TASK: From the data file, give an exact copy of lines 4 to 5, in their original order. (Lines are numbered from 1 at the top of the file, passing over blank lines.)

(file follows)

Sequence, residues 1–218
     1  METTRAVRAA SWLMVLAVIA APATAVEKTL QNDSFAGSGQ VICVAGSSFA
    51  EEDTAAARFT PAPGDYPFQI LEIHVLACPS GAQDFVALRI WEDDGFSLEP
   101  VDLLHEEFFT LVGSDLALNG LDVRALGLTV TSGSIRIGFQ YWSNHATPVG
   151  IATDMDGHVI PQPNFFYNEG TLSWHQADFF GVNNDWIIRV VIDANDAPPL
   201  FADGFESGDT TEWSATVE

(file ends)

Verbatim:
   101  VDLLHEEFFT LVGSDLALNG LDVRALGLTV TSGSIRIGFQ YWSNHATPVG
   151  IATDMDGHVI PQPNFFYNEG TLSWHQADFF GVNNDWIIRV VIDANDAPPL